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Super Stock Selloff




The Dow Jones industrial average plunged by a whopping 317.06 points (1.8 percent of its total value) on Thursday, erasing the gains it made during the last two months and putting the index in the red for 2014.  Meanwhile the Nasdaq was down 98.13 points (2.09 percent) and the S&P 500 was down 38.41 points (1.95 percent).

That’s surprising news considering the relatively solid gross domestic product number the U.S. economy put up earlier this week.

So … does this mean the “Bears” are back on Wall Street?

That remains to be seen.  Thus far stocks have been immune to the sluggish “recovery” in jobs, incomes and consumerism.  The Dow in particular has been scraping the stratosphere – hovering at or above 17,000 points for the better part of the last month.  In fact market gains wildly outpace the growth of the broader economy – prompting many analysts to warn of an impending crash.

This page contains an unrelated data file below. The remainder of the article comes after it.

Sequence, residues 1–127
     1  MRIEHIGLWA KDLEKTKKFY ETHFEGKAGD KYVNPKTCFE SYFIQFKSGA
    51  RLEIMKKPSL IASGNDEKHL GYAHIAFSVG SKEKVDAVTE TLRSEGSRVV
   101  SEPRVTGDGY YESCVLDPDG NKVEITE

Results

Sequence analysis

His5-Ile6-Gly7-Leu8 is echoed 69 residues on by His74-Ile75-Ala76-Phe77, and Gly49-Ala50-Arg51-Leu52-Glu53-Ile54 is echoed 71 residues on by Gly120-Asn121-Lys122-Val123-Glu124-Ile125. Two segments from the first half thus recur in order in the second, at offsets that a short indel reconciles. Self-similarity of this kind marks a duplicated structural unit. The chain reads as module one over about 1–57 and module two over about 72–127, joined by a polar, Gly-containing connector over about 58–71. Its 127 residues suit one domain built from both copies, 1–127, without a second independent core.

Errr … “correction.”

A brutal month for European stocks – including a 1.7 percent drop in the Stoxx Europe and a 4.3 percent decline in Germany’s DAX didn’t help, nor did the imminent default of the Argentinean government on the debt it owes a number of hedge funds.

We hope stocks stay strong … just as we hope for a rise in economic output, employment and wages.  Theoretically, that would mean a reduction in dependency.  Of course as we’ve pointed out ad nauseam  in the past, that’s not the road down which our “leaders” are taking us.